Rwanda News Agency Grands Lacs Hebdo

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Government auditor needs $2 million to do her job

Kigali: In the firing line from Parliament over delays to present spending reports and the small scope that the reports cover - as tax payers’ money disappears unnoticed, government says in four years that should be no more, RNA reports.   

As part of the plan to ‘reduce fiscal waste, and enhances value for money’, government – in a new strategy – just made public - wants to tighten controls on accountability by improving operation of institutions like the Auditor General.

In March, the Auditor General Ms. Evelyn Kamagaju released her much awaited report indicating Rwf 5.3 billion ($9.7 million) was unaccounted for during the fiscal year 2006. Government bodies that were audited awarded tenders worth some Rwf 3.8 billion ($ 7 million) without the approval of the National Tender Board.      

The report released eight months behind schedule, found out that tenders valued at over Rwf 7.8 billion ($14.2 million) were sanctioned without proof that they were approved by internal tender committees.

However, Lawmakers were not impressed. This was just another report that she was releasing after pressure. Parliamentarians have often demanded answers as why it has to take too long for the Auditor General to put officials to task over their spending.  

In the March session, Ms. Kamagaju told Lawmakers that her office needed a revamp with more and skilled staff. She also attributed the delay to institutions that have no documentary evidence when accounting for monies – thereby making her work ‘difficult’.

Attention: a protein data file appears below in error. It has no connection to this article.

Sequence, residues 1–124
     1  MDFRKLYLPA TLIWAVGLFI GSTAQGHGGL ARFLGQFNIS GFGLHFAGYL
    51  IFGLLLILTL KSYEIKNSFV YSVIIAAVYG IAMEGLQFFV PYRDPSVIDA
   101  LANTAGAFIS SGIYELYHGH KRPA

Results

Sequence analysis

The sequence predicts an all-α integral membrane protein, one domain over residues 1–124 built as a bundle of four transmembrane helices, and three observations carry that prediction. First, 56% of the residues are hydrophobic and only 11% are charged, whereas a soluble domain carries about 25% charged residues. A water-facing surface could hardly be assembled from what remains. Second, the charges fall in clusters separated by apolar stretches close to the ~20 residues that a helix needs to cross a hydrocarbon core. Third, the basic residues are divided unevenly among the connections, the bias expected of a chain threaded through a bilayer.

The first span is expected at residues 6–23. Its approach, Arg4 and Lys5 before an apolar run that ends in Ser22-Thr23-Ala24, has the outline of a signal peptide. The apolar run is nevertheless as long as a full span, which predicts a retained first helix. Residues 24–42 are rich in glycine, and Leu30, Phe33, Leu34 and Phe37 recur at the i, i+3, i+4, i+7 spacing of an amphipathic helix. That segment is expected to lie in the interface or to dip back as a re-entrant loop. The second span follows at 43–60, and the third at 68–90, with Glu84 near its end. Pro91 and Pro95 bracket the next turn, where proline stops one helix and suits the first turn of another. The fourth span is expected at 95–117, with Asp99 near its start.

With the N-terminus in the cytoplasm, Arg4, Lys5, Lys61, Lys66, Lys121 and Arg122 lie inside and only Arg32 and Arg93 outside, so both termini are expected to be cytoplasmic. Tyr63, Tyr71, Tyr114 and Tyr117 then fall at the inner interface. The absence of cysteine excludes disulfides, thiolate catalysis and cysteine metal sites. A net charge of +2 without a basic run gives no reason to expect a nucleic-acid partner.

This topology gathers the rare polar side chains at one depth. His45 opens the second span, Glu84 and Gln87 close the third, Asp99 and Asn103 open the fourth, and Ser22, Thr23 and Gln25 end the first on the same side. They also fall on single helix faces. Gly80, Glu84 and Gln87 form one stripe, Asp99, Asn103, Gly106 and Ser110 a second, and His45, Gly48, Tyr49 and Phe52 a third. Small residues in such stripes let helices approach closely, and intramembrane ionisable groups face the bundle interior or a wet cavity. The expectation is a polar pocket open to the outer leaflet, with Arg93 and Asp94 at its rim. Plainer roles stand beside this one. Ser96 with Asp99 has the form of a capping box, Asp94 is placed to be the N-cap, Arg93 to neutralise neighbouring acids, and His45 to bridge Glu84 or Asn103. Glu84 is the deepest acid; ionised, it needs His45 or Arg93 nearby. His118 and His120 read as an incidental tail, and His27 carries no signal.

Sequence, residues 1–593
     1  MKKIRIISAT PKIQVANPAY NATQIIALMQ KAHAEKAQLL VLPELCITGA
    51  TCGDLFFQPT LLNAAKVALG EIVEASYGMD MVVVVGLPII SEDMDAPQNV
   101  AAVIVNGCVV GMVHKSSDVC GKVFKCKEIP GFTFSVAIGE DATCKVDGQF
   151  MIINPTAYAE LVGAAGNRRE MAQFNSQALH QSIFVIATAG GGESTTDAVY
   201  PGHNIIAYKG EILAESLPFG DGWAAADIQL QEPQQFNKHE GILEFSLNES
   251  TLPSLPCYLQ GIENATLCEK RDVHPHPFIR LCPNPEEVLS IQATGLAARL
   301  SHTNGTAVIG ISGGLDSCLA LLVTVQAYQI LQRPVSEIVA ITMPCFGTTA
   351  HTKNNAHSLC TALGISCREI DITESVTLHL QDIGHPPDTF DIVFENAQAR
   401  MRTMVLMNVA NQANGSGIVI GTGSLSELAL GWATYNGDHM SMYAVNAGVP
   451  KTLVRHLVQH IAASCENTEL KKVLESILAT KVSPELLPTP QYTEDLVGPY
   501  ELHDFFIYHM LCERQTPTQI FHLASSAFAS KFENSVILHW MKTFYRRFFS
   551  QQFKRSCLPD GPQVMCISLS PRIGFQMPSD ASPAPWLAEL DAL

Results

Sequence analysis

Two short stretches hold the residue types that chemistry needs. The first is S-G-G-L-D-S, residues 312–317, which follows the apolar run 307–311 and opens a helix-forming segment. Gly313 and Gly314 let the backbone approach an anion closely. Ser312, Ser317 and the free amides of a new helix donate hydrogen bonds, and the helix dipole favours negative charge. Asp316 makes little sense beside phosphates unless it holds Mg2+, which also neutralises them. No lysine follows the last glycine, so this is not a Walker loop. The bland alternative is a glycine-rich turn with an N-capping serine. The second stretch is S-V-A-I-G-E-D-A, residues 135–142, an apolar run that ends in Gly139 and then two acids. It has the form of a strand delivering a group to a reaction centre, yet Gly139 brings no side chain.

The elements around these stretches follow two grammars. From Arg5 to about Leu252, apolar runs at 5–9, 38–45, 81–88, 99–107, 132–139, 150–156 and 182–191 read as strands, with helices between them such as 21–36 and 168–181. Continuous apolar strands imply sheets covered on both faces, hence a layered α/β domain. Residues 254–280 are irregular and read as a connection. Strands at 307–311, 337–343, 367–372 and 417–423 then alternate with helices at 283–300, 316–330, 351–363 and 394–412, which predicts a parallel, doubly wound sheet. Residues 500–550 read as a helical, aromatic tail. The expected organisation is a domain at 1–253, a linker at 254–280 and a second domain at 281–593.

Now in a new policy paper - the ‘Public Financial Management’ – or PFM - strategy, government is to put her office into order. Between 2008 and 2012, an audit law is to be enacted that will completely restructure the office.  

It will also be equipped with the necessary technical expertise – all aimed to increase audit coverage and scope. This essentially means the Auditor General will have no room to complain of staff insufficient for her delays and narrow reports.  

By the end of the reform plan estimated to cost some $2.15 million (Rwf 1.5 billion), the Auditor General should be able to audit 80% of expenditures by ministries, departments and agencies. The office should cover at least 70 percent of all sub national government operations.    

Reform of the office of the Auditor General is just one among 10 components that the Ministry of Finance says will go a long way to ‘improving the efficiency of spending’ of the whole government machinery.

“By promoting transparency and enhancing governance, a more effective PFM system reduces fiscal waste, and enhances value for money, and makes all stakeholders more assured that budget support is used for its intended purposes”, the paper notes.

During the last meeting with its reluctant partners, government called on all to channel their support through its coffers. Fifty-four percent (54) of the $1.2 billion budget for this year will come from donors.

Some including Belgium, Sweden, German and The Netherlands have complied following up on Britain, the World Bank, the European Commission and the UN. The U.S. remains not convinced. Last year, the United States channels all its $167 through various projects.

In the four-year plan, government says the changes should result into fiscal discipline and sustainable budget balance; strategic allocation of resources; and efficient use of the resources in service delivery to the country.

“The PFM Reform Strategy will be instrumental in the fight against misuse and wasteful public spending, and in reducing/eliminating opportunities for corruption” according to the paper that lays out a total budget requirement of $28 million.
 

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